Every person with co-occurring disorders would benefit from dual diagnosis treatment that targets both key issues. Why? The holistic treatment mindset that we at Royal Life Centers have believes that these diseases stem from the same root problems. Both substance abuse and poor mental health can be manifestations of trauma. To only look at one aspect of a person’s pain and struggle is to leave whole parts of them untreated. Only when treatment is person-focused and trauma-informed can total healing be accomplished.
Have any questions?
Treatment for Dual Diagnosis
Dual-diagnosis treatment programs provide evidence-based care for co-occurring conditions at the same time to bring about true healing and recovery. Treatment for co-occurring disorders focuses on treating mental health and addiction. This comprehensive approach is what leads to recovery.
Dual-diagnosis treatment programs include services such as:
Integrative treatments for co-occurring disorders can improve treatment success rates because they get to the root of the issues. Both disorders negatively interact with each other, so effective treatment must address both. Integrative treatments instill hope in individuals as they work through their struggles and create actionable goals for an addiction-free, healthy future. They’re also shown to promote long-term recovery.
Medication Management for Substance Abuse and Mental Health Disorders
Dual diagnosis medications often include mood stabilizers, symptom withdrawal medication like Suboxone, anti-depressants, or antipsychotics. Pharmacological intervention, when combined with therapeutic services, assists in recovery because it allows individuals to start from a stable foundation that they can build off of during treatment. For example, if an individual is experiencing regular frightening psychotic episodes, treating their mental wellness or addiction will not be effective until they’re stabilized at a place where they can begin therapeutic treatment. For this reason, psychiatric medication management allows mental illness symptoms and withdrawal symptoms to be managed so recovery can begin.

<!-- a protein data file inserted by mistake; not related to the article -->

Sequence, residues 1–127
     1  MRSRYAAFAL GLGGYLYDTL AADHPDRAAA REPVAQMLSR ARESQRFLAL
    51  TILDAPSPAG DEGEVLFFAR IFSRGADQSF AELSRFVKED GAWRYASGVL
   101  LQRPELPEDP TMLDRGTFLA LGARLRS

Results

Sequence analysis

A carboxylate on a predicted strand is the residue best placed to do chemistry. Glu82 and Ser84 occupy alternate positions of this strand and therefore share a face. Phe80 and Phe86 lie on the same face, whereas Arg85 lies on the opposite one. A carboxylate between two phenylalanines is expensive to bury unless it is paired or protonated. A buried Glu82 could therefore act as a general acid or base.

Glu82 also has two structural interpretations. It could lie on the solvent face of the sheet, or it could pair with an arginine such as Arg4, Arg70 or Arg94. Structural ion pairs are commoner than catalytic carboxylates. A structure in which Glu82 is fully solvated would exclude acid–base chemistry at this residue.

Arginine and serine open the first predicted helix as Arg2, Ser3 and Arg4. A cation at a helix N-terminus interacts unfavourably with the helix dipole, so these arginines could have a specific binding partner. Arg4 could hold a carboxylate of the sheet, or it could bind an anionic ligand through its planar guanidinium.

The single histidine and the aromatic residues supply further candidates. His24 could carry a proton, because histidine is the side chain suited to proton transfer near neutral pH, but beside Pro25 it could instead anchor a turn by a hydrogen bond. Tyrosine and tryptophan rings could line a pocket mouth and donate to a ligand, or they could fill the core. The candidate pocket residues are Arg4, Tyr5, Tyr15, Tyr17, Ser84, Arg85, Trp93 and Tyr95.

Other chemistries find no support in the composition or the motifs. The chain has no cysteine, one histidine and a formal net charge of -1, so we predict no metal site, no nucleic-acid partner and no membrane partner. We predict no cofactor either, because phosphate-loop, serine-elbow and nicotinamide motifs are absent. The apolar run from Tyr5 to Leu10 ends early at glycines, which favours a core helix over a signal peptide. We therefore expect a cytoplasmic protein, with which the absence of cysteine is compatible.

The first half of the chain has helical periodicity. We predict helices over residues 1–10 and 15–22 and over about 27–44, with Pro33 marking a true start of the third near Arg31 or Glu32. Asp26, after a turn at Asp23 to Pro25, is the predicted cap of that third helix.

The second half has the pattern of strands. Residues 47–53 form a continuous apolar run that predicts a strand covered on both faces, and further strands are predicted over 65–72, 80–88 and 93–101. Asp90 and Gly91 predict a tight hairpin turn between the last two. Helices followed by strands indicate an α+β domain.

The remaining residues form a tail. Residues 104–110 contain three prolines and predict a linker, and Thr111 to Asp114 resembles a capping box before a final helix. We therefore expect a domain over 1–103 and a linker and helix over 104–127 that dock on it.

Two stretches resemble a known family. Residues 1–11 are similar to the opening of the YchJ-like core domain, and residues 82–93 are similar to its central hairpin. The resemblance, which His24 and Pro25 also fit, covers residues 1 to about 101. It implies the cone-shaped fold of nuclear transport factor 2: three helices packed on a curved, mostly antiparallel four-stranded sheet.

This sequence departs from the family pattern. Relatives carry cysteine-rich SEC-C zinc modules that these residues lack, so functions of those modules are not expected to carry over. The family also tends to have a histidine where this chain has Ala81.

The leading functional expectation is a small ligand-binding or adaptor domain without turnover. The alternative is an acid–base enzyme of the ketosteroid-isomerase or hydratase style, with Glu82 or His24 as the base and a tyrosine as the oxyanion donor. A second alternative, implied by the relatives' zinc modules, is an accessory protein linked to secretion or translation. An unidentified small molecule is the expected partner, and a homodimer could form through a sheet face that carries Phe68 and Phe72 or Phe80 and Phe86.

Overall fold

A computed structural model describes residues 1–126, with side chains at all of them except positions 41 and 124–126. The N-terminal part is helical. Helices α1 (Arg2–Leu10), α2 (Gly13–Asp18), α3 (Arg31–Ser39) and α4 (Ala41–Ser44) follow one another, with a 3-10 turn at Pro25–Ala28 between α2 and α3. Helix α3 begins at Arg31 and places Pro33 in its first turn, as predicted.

Dual Diagnosis Therapy Services
Dual diagnosis therapy services provide personalized care for both mental illness and substance abuse at the same time. There’s a wide range of dual diagnosis therapy services that can be implemented into one’s recovery.
At Royal Life Centers, options include somatic treatments like yoga therapy, breathwork, meditation, infrared saunas, biofeedback, and hyperbaric oxygen therapy. We also offer behavioral therapies, relapse prevention, specialized therapies, symptom management, and substance detoxification, which is the first step for anyone entering one of our centers.
Dual Diagnosis FAQ
It’s important to understand dual diagnosis when considering treatment options for addiction and co-occurring mental health disorders. Getting the answers to common questions about co-occurring disorders is a good place to start.
Frequently asked questions about dual-diagnosis treatment programs include: